In the days following Russia’s invasion of Ukraine in February last year, a number of western countries blocked their airspace to the aircraft of Russian airlines. But not all countries did so at the same time. Canada and the European Union officially closed their airspace to Russian carriers on the 27th of February. The U.S. made the same move early in March.
But when Canada closed its airspace to Russia, a Volga-Dnepr Antonov An-124 was on the ground in Toronto. This aircraft, with registration RA-82078, is still there. Not only that, Toronto Airport has been charging Volga-Dnepr for parking ever since. By now, the An-124 has amassed parking fees of over $300,000 for its mandatory stay in Canada.
An-124 And Sanctions in Canada
Before the invasion, Volga-Dnepr regularly operated its jets to customers in North America, including Boeing. This particular aircraft had just flown from Khabarovsk Novy Airport (UHHH) in Russia to Anchorage (PANC) in Alaska, on the 26th of February. The An-124 left for Toronto Pearson (CYYZ) in Canada on the same day, arriving the next morning.
The latest news about the fate of this freighter is coming from Denys Shmyhal, Prime Minister of Ukraine. He made this announcement after a meeting with Canadian Prime Minister Justin Trudeau. The Ukrainian Prime Minister stated that this confiscation is part of a package of sanctions that Canada introduced earlier this month.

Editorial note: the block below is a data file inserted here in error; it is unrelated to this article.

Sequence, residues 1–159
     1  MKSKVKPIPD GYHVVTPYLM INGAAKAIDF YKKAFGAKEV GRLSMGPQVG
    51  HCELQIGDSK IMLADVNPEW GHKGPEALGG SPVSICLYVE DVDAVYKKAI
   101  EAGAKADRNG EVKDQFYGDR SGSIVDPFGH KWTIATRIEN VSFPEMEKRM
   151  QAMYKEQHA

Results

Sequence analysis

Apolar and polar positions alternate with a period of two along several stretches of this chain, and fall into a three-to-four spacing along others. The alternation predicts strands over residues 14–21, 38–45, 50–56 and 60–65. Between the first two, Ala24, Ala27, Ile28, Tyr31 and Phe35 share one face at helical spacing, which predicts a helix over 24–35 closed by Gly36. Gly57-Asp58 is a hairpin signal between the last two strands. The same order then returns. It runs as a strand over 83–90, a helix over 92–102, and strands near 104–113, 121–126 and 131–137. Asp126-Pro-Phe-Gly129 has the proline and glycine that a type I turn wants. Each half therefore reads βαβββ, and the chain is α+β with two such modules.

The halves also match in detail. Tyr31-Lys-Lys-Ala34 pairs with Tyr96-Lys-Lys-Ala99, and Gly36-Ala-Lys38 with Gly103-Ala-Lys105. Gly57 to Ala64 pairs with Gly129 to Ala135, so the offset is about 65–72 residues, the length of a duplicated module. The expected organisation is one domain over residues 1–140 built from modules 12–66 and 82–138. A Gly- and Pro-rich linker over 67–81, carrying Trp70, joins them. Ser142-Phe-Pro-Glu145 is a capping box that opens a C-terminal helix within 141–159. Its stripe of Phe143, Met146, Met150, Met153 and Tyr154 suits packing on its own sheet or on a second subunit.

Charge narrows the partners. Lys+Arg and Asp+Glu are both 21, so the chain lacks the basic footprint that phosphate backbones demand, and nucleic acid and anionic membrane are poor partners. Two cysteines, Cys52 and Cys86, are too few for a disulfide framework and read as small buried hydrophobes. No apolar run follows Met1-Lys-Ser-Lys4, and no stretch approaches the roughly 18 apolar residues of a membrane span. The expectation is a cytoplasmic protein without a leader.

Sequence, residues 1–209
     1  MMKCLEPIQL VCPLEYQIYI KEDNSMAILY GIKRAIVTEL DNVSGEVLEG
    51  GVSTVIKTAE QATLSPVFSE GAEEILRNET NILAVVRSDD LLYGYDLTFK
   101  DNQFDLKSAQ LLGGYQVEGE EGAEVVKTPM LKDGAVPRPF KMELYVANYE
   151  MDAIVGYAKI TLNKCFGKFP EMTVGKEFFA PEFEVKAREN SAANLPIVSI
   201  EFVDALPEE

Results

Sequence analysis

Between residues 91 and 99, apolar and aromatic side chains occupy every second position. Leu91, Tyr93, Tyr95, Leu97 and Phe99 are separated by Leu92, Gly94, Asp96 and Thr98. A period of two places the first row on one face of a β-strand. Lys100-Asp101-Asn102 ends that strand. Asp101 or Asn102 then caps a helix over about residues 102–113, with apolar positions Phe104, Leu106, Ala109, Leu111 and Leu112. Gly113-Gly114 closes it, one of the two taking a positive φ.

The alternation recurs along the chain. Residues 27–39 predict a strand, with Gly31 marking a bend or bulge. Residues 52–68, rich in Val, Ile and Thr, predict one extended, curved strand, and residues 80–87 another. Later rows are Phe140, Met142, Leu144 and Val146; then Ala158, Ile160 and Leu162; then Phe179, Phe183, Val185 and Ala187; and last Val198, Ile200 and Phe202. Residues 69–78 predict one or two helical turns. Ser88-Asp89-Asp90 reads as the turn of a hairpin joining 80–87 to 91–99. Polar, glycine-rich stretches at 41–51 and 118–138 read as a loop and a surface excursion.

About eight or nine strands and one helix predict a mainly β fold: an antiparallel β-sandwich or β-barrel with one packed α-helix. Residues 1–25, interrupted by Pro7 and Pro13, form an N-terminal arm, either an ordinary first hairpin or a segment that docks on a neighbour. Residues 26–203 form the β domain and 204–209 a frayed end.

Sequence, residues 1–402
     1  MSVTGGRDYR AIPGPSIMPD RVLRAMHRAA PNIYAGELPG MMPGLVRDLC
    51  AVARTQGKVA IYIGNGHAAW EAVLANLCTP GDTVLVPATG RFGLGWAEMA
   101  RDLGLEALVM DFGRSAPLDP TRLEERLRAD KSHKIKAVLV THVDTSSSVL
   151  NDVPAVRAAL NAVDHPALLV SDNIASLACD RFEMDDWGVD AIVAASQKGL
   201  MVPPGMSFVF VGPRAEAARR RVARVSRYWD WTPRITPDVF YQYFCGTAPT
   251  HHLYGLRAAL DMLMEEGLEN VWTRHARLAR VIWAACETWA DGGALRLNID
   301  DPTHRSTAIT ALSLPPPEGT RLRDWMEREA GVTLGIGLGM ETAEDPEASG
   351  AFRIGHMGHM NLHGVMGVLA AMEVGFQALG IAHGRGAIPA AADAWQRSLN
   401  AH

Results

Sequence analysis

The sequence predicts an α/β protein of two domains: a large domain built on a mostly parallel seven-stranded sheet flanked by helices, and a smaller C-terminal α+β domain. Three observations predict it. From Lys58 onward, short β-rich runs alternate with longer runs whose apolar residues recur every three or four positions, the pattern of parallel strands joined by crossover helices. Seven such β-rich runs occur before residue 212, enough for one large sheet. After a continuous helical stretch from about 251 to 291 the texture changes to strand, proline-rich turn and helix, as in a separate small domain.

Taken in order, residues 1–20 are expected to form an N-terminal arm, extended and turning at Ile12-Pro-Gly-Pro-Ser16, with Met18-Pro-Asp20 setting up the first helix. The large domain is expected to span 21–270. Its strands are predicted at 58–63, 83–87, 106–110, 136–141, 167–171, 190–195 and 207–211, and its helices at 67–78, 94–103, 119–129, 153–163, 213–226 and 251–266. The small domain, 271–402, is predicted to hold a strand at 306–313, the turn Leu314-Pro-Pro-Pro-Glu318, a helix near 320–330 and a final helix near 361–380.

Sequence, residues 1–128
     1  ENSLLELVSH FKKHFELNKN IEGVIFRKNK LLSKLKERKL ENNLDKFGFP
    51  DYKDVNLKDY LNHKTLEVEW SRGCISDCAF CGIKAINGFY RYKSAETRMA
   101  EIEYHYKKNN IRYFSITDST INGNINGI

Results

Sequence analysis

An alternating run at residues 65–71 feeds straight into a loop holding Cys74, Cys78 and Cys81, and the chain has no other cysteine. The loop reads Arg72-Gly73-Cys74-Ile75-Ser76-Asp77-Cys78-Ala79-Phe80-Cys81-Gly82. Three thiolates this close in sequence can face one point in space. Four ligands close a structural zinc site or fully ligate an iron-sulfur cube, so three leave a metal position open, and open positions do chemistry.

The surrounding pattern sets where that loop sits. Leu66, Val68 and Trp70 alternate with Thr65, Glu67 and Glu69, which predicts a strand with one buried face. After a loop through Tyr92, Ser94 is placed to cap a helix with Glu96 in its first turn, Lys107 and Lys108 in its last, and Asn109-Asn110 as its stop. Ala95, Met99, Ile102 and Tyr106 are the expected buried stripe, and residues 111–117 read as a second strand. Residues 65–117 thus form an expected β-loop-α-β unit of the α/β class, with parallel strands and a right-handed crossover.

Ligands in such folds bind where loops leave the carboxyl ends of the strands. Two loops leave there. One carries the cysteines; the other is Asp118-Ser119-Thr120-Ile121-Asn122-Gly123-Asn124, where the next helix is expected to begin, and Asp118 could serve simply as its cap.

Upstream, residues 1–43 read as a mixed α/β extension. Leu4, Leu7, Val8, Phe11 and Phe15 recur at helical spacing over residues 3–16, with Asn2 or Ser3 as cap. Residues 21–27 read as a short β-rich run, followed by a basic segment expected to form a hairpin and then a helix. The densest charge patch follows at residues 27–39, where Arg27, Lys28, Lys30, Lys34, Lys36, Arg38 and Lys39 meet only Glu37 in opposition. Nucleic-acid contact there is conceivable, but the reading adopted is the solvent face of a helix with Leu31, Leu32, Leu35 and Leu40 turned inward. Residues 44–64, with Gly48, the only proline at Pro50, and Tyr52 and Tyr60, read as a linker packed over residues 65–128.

In addition to the An-124, Canada is introducing sanctions that involve more assets of Volga-Dnepr. The sanctions also affect the Russian company’s subsidiaries AirBridgeCargo and ATRAN. We don’t know what timeframe, if any, exists for the transfer of the aircraft to Ukrainian authorities. Antonov Airlines would be the obvious recipient of this An-124, as it already operates the type.
Aside from this aircraft in Canada, Volga-Dnepr has three more An-124 freighters stuck at Leipzig Halle Airport (EDDP) in Germany. The Russian company has had to scale down its operations since the invasion. In addition to these jets, the company had a fleet of 16 747 freighters and one 777, under its subsidiary AirBridgeCargo. All of these jets are in storage, while foreign lessors repossessed two more.
In a previous development, an American court awarded lessor BOC Aviation $406 million, over three 747-8s that AirBridgeCargo (a Volga-Dnepr subsidiary) operated before the invasion. BOC repossessed one of these jets last spring. Volga-Dnepr fired over 200 of its pilots last summer since it is no longer operating its fleet of Boeing aircraft.
We will update this story if there is confirmation of a handover of this An-124 after an official decision in Canada. This aircraft is twenty-six-and-a-half years old. Volga-Dnepr has been its first operator since it first flew, in September 1996.
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